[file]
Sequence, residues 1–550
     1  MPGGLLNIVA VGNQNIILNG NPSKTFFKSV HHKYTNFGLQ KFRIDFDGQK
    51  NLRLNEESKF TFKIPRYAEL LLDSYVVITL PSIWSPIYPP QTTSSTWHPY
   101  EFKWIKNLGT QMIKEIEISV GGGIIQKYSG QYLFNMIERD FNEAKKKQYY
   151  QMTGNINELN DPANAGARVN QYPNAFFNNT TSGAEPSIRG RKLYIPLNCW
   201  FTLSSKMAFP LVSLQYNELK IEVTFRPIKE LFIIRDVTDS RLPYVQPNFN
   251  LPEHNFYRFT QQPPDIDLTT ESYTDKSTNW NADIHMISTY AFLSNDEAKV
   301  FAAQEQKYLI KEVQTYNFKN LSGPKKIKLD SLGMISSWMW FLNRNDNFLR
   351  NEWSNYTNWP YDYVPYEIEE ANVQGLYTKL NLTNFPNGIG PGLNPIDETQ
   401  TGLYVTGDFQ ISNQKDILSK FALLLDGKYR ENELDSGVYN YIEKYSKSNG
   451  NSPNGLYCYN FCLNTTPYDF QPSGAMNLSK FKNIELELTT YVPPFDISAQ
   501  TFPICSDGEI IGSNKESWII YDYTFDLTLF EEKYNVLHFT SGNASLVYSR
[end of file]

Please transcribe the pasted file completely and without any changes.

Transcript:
Sequence, residues 1–550
     1  MPGGLLNIVA VGNQNIILNG NPSKTFFKSV HHKYTNFGLQ KFRIDFDGQK
    51  NLRLNEESKF TFKIPRYAEL LLDSYVVITL PSIWSPIYPP QTTSSTWHPY
   101  EFKWIKNLGT QMIKEIEISV GGGIIQKYSG QYLFNMIERD FNEAKKKQYY
   151  QMTGNINELN DPANAGARVN QYPNAFFNNT TSGAEPSIRG RKLYIPLNCW
   201  FTLSSKMAFP LVSLQYNELK IEVTFRPIKE LFIIRDVTDS RLPYVQPNFN
   251  LPEHNFYRFT QQPPDIDLTT ESYTDKSTNW NADIHMISTY AFLSNDEAKV
   301  FAAQEQKYLI KEVQTYNFKN LSGPKKIKLD SLGMISSWMW FLNRNDNFLR
   351  NEWSNYTNWP YDYVPYEIEE ANVQGLYTKL NLTNFPNGIG PGLNPIDETQ
   401  TGLYVTGDFQ ISNQKDILSK FALLLDGKYR ENELDSGVYN YIEKYSKSNG
   451  NSPNGLYCYN FCLNTTPYDF QPSGAMNLSK FKNIELELTT YVPPFDISAQ
   501  TFPICSDGEI IGSNKESWII YDYTFDLTLF EEKYNVLHFT SGNASLVYSR